The Atlas is the largest vehicle to be based on Volkswagen’s ubiquitous MQB architecture. That not only contributes to a competitive price through economies of scale (the entry-level Trendline starts at C$35,690), but to a pleasingly car-like and reassuringly VW-esque driving experience.
The powertrains are tried and tested, too. The Execline comes as standard with the venerable 3.6-liter V6 and 4Motion AWD; a 2-liter TSI that makes almost as much power – 235bhp vs 276bhp – and FWD are available elsewhere. Both setups get an 8-speed automatic transmission that does a good job of keeping you in the right gear at the right time.
Serious towing – up to 5,000 lb – requires the V6 and power to all four wheels. It’s a combination that’ll seldom leave you short of torque and traction, but the resulting 19mpg combined fuel economy can’t match that of the newer motor in the Honda Pilot.
Behind the wheel: Driving Impressions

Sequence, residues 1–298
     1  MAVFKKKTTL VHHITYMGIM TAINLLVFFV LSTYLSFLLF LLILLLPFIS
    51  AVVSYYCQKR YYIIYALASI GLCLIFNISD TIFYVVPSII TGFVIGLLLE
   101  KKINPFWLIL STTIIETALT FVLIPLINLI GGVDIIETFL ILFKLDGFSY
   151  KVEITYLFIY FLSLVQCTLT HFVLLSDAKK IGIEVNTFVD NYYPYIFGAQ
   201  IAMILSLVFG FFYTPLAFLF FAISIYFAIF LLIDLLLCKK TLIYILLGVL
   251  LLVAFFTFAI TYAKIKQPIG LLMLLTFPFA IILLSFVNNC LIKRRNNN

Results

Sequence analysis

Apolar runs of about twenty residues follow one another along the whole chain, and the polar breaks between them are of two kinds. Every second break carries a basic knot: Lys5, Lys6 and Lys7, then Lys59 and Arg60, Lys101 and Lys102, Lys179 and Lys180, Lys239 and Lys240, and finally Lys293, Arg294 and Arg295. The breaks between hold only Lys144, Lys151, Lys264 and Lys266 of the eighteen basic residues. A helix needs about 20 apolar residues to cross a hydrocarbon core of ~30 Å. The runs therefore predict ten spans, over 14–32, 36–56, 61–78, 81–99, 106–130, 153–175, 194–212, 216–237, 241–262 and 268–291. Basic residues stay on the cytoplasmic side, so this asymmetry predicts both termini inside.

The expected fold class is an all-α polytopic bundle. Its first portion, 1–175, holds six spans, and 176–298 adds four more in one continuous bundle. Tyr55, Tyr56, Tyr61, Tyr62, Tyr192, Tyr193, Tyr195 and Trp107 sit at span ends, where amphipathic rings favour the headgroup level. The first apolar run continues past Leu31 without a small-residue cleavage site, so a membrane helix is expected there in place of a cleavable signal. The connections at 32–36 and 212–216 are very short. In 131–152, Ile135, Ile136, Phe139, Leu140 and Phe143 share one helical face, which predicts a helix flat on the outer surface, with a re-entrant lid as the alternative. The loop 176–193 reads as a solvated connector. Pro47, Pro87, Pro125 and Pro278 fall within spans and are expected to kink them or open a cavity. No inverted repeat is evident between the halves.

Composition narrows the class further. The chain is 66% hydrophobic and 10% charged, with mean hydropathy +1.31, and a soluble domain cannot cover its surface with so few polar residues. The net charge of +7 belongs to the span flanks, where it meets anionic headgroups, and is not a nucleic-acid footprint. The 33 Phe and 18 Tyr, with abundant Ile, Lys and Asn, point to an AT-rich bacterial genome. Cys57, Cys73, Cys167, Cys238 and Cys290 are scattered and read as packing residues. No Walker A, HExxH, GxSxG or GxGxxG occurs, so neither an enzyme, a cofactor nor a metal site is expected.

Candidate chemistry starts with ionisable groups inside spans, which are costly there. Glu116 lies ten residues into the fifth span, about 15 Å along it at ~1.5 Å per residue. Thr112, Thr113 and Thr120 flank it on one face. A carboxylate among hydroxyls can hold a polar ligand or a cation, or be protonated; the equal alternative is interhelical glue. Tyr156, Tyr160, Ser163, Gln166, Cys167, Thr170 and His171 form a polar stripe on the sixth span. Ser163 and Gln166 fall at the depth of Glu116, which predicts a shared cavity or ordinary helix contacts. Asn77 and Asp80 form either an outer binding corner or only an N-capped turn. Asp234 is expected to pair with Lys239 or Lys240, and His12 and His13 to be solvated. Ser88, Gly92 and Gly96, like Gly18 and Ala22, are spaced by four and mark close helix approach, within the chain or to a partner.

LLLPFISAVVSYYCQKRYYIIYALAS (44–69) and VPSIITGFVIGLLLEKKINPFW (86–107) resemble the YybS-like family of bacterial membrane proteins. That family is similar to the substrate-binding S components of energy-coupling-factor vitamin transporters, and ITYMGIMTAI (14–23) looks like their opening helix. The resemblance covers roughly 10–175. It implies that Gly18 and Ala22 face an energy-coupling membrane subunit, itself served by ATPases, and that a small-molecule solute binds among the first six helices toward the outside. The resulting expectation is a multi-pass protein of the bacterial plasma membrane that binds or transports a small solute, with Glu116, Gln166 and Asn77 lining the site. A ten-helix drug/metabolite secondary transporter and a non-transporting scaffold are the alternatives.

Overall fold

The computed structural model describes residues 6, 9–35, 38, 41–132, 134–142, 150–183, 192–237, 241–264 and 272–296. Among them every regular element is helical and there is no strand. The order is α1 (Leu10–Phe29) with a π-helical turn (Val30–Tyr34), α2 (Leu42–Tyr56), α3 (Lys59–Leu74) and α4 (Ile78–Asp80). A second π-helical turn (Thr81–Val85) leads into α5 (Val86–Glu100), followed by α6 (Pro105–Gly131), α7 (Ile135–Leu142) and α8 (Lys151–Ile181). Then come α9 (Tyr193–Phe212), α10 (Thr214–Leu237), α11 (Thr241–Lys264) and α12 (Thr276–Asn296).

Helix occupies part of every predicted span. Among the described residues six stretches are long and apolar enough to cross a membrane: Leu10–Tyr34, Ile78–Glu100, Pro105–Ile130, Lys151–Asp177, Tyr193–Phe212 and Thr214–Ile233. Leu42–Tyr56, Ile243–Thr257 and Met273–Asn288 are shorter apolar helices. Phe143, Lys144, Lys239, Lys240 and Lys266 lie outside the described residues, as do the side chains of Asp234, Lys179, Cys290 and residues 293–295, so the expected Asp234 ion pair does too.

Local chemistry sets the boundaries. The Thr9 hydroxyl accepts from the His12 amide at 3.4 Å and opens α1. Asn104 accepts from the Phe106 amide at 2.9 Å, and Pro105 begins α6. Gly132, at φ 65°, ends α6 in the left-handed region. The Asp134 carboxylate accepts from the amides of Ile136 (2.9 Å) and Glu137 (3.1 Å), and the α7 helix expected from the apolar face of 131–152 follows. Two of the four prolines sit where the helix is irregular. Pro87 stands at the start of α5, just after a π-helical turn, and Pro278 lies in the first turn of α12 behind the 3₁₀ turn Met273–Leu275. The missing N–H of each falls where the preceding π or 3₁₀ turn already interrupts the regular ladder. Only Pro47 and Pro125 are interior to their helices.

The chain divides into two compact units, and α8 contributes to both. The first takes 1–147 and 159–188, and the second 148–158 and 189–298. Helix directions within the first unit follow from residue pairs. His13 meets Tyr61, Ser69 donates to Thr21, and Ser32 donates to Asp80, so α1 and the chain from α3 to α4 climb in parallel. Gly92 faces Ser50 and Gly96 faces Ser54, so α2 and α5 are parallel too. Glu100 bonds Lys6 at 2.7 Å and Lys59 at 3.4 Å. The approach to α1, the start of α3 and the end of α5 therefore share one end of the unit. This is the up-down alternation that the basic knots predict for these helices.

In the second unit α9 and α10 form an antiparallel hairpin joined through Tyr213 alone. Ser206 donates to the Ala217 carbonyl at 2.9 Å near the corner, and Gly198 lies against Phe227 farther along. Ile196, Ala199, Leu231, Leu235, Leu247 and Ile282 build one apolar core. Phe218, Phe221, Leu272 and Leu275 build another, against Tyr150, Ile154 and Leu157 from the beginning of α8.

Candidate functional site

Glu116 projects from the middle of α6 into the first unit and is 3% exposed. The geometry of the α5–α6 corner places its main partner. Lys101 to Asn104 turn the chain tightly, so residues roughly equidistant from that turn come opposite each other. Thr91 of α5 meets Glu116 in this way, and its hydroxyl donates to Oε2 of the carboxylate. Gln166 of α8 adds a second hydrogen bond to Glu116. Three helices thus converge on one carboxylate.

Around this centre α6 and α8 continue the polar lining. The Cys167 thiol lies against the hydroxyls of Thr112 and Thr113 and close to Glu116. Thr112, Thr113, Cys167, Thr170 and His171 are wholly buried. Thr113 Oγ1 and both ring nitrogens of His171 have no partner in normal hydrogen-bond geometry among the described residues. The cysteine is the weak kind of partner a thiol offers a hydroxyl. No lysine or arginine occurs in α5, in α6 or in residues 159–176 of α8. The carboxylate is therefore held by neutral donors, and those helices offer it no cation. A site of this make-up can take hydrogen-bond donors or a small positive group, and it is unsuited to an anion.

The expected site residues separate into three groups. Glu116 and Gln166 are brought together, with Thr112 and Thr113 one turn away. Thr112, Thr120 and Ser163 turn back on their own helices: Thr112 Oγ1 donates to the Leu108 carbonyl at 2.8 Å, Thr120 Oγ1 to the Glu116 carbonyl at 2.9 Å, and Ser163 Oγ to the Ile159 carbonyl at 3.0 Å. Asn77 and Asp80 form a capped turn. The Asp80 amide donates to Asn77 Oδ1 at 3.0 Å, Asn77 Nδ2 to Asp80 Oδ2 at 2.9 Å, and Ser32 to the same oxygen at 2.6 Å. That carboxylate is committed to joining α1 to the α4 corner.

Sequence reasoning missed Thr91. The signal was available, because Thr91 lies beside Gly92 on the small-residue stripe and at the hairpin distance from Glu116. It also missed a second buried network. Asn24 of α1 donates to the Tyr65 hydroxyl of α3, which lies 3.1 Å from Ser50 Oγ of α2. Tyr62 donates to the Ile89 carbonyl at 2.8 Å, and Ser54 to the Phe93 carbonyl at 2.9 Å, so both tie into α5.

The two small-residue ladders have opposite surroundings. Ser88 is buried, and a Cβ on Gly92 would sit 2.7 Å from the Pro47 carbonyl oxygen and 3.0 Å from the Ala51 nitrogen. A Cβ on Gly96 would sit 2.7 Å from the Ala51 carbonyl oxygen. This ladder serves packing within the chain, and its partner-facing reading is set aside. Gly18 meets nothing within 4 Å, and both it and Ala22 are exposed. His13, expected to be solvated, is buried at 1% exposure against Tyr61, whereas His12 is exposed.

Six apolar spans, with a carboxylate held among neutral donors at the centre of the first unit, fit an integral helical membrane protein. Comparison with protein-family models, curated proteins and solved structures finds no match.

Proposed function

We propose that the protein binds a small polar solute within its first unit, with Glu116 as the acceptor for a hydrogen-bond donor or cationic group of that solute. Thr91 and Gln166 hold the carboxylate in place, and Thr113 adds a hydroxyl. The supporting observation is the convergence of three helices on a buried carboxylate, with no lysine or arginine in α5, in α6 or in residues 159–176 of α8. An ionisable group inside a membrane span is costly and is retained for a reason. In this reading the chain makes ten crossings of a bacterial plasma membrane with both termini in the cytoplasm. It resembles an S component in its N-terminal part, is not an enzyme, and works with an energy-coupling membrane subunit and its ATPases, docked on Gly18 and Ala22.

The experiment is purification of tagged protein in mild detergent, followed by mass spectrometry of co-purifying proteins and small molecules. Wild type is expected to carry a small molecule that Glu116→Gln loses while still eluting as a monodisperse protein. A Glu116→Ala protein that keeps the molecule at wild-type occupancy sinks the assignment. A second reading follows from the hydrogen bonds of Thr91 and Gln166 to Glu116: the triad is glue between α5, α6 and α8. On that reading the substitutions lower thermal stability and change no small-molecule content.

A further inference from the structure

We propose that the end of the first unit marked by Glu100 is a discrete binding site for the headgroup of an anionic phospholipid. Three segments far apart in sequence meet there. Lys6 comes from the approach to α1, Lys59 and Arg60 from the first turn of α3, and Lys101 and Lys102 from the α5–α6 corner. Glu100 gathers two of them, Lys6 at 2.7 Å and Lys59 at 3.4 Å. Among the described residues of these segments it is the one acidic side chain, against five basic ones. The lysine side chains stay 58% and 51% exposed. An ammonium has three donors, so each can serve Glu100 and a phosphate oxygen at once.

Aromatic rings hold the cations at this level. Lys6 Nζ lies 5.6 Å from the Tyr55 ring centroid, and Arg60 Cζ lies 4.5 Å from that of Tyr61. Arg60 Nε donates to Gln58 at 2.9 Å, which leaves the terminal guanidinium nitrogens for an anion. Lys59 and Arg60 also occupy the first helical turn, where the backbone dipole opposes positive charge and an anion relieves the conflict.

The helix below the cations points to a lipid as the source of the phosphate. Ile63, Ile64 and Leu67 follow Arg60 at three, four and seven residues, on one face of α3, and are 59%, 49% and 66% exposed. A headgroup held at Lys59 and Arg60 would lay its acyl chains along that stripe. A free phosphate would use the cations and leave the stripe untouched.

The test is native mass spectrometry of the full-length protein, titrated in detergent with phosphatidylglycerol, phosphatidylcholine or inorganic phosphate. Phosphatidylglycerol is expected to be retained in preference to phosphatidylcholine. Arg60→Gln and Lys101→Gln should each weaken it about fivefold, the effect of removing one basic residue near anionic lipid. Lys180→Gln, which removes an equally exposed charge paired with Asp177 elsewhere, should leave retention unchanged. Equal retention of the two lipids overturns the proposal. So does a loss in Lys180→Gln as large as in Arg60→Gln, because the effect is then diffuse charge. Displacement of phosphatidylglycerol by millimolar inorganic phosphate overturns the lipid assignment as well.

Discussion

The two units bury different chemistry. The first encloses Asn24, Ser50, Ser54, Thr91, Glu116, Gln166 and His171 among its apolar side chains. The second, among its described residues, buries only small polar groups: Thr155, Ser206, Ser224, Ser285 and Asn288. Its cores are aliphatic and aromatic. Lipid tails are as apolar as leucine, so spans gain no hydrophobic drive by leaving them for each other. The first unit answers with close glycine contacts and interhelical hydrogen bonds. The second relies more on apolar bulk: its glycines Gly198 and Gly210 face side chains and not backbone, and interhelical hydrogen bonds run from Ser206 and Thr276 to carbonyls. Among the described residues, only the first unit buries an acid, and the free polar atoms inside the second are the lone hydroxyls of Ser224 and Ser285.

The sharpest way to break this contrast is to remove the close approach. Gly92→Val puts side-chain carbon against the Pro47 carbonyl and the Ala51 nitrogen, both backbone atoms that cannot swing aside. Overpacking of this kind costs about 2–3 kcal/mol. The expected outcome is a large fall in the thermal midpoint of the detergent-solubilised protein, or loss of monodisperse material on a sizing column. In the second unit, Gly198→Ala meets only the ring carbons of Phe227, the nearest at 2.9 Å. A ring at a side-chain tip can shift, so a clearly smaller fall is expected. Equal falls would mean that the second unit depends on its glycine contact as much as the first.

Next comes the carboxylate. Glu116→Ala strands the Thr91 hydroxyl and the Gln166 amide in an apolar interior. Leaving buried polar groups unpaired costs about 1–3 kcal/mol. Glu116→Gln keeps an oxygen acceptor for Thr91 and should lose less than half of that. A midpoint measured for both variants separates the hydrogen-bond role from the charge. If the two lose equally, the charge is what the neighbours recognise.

For a sizable SUV, the Atlas is easy and responsive to drive, thanks in part to accurate steering and good suppression of pitch and roll. The relaxed damping, allowing the body to bounce a little over big undulations, is decidedly North American rather than European. That comfort-first approach to suspension tuning would be fine, except for the fact that short, sharp impacts from potholes or exposed drain covers aren’t smothered in the way that you would hope. The Execline’s stylish ‘Mejorada’ 20-inch alloys and shorter-sidewalled tires likely don’t help here. If you don’t mind the way it looks, I’d recommend trying the Atlas on 18-inch wheels (standard on other grades) if you get a chance.